Spengler's Philosophy, and its implication that
Europe has 'lost its way'
by David L. McNaughton - www.DLMcN.com
Fifth Workshop in Political Theory, Manchester (England), September 2008

During the First World War a German historian produced a book which caused quite a stir among intellectuals around the world. By collating events in different (usually non-contemporary) cultures and civilisations, Spengler maintained that it should be possible to fill in gaps in history1, and indeed to set out possibilities for the future, although admittedly only in terms of very broad generalisations.

It was an extremely ambitious undertaking, but after the Second World War his ideas became unfashionable (mainly for political reasons). Nevertheless, Spengler's book is a work of monumental scholarship, discussing in depth such diverse topics as mathematics, music, architecture, painting, theology and money, with brief but still erudite excursions into other subjects including law, chemistry, linguistics, space-time relativity and literature, integrating them all into a single coherent philosophy.
 
 

Nine or more "Higher Organisms"

Most people find it extremely difficult to accept Spengler's basic thesis, namely that cultures and civilisations are living organisms in their own right2, just like plants, animals and humans, although of a much higher rank. Each culture has its own distinctive soul, which expresses itself in artistic, scientific, political, economic and religious forms.

Spengler identifies nine higher organisms. Three of them, the Babylonian, Ancient Egyptian, and Classical (Graeco-Roman), perished long ago, with their landscapes subsequently becoming overlain by later cultures3. (If he were writing today, he might well include in his list the recently discovered pre-Hindu Indus Valley Civilisation). Three others, the Indian, Chinese and Arab-Persian, attained "old age" many centuries ago; we could also describe these as "petrified" - in a few respects, they have never been wholly extinguished. A seventh culture matured in Mexico and Guatemala, only to suffer a sudden and violent death at the hands of Spanish invaders (although it could be said that a few "glowing embers" still remain). Spengler says very little about the Peruvian Culture, but Francis Yockey, one of his foremost disciples, regards it as a twin of the Mexican, suffering the same fate.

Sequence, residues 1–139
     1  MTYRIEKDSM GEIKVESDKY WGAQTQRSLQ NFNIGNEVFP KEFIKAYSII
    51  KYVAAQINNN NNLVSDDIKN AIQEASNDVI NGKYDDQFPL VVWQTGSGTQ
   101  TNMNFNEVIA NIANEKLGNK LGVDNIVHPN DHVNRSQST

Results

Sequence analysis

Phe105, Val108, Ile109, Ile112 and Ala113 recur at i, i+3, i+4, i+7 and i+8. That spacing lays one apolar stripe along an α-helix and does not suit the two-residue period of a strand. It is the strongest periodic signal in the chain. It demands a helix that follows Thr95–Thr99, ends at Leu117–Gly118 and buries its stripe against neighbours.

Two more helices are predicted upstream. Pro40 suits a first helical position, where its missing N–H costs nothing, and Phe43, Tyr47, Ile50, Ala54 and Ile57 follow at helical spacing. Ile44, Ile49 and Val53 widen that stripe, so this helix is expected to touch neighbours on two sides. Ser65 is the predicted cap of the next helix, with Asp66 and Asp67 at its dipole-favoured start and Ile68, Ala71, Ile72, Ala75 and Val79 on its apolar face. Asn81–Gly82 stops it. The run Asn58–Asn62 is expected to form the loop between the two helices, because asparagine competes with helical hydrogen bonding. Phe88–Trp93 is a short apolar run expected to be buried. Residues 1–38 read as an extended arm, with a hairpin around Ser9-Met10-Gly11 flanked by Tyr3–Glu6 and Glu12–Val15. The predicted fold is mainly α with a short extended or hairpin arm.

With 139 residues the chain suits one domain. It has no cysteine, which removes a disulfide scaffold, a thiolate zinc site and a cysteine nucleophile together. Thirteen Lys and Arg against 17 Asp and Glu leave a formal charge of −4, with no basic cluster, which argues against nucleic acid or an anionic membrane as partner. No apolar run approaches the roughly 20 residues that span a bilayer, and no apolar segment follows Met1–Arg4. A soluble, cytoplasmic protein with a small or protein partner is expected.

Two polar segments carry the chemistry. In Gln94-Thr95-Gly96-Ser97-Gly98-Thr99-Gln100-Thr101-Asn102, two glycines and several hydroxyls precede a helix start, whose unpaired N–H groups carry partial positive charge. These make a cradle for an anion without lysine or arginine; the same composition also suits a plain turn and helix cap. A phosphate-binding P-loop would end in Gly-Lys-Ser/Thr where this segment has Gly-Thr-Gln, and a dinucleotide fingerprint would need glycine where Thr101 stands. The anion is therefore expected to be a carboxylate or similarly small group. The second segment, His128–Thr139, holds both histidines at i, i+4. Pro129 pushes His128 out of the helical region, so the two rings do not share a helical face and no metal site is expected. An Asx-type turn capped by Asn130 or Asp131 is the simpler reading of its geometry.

Two higher organisms have not yet completed their "life-cycle". Western Civilisation is one of them, although it has already reached "late adulthood" (hence the title of the book - "The Decline of the West"). The other living culture is the Russian one4 - which was "born" comparatively recently, so it is handicapped through trying to absorb alien ideas from the much older Western organism; Spengler calls this phenomenon a "pseudomorphosis".

Another example of a pseudomorphosis was his "Magian Culture", which grew up in the shadow of various older civilisations (in particular the Classical), causing it to become distorted and fragmented into Arabian, Zoroastrian, Byzantine, Hebrew, Coptic, Armenian and other components5. Only with the rise of Islam did this culture manage to break free from the pseudomorphosis and discover its true soul.

One phenomenon which might be easier to explain in terms of a higher organic entity is an increase in male birth-rate to replenish losses incurred in a major war. Admittedly, those instances could simply be accidents of statistics6, but this example does at least help to illustrate the concept and role of a higher organism with its own will and consciousness.

Like individual people, cultural organisms differ in character, ability and aptitude. Thus, calculus and the theory of mathematical functions, soaring Gothic cathedrals and a music based on fugal composition all express characteristically Western passions, which are akin to our love of vast wide-open spaces as well as our intense interest in the distant past and concern for the far future7.